Stephen King: Dollar Baby: The Book by Anthony Northrup (book review).

If proof were needed that Stephen King is a god of some sort, consider this. In the 1970s, he decided that he would allow filmmakers to make movies of his short stories for a dollar. These were then shown around the world at film festivals.

Anthony Northrup has undertaken the not inconsiderable task of compiling these efforts into a book, ‘Stephen King: Dollar Baby: The Book’. It’s a comprehensive look at the huge back catalogue of effort that many would be unaware of, even if they are a fan of Stephen King.

Films have been made under the scheme for forty years and Northrop has been reviewing and hosting festivals of them for almost a decade.

Part One is a series of essays about Stephen King and the influences he’s had on different people. They are all highly readable, some shorter than others. These are by writers, directors, and fans of King who has had a prolific output over the years and influenced the horror genre in stories and films.

Part Two is all interviews with the directors of various ‘dollar baby’ films carried out in the last eight years by the author. There is some biographical detail and discussion around the chosen story, production, and other elements.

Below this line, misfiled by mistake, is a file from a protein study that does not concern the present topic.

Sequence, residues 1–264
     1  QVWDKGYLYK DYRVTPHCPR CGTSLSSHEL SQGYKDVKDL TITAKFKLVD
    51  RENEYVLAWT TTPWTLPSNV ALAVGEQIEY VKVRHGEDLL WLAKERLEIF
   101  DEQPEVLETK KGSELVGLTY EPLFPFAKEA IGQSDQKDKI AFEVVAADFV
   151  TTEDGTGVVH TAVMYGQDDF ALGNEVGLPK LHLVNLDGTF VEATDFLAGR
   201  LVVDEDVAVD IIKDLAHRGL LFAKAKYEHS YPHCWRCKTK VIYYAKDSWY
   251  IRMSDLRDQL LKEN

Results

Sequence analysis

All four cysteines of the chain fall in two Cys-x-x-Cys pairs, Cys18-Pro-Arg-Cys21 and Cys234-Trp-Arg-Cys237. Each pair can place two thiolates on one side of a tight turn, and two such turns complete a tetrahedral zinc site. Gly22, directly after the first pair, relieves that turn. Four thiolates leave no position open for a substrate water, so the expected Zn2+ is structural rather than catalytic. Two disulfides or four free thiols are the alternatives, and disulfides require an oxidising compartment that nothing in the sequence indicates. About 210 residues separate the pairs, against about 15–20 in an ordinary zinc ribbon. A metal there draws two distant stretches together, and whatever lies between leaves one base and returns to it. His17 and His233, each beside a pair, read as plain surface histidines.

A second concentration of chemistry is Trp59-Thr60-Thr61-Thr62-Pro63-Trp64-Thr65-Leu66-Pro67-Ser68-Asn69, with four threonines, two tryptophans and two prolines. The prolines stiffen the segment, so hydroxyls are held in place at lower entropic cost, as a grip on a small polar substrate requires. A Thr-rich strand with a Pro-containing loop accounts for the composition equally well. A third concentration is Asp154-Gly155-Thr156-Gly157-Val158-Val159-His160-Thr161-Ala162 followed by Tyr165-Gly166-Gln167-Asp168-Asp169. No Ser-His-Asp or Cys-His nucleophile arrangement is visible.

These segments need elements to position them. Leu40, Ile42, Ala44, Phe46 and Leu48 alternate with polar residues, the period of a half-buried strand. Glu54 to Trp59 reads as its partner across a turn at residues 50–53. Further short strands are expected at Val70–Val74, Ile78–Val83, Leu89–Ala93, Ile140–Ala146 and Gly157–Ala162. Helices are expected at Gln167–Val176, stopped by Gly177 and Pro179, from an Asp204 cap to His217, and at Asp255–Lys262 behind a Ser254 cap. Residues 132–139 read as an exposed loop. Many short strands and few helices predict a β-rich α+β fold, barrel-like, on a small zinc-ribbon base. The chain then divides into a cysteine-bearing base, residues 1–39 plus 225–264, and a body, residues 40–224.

The final chapter in this section is about the as yet uninterviewed Frank Darabont, who not only paid the first dollar, ultimately making the second film but went on to write three of the best-adapted screenplays of the novels of Stephen King, including ‘The Shawshank Redemption (everybody’s late-night watch) and then developed and co-wrote ‘The Walking Dead’ for television. Everybody wants to be Frank.

Part Three ties up the book, with various lists and thoughts on those stories filmed already and those available currently under the scheme. There is some short thought by previous directors and there is a full chapter on what the directors have done since making their baby.

This is a reality check on thinking this brush with movie-making leads onto fame and riches. It’s a sobering update when you see that life and commitments get in the way of your dreams.

If you are interested in writing, directing, and in Stephen King, this is an interesting book that looks at process, motivation and offers some insight into the film-making world. It also highlights that King is a talented and generous author who makes the world a little bit better by his ‘pay it forward’ attitude.

Sue Davies

September 2021

(pub: BearManor Media, 2021. 560 page illustrated enlarged paperback. Price: £31.60 (UK). ISBN: 978-1-62933-668-8)

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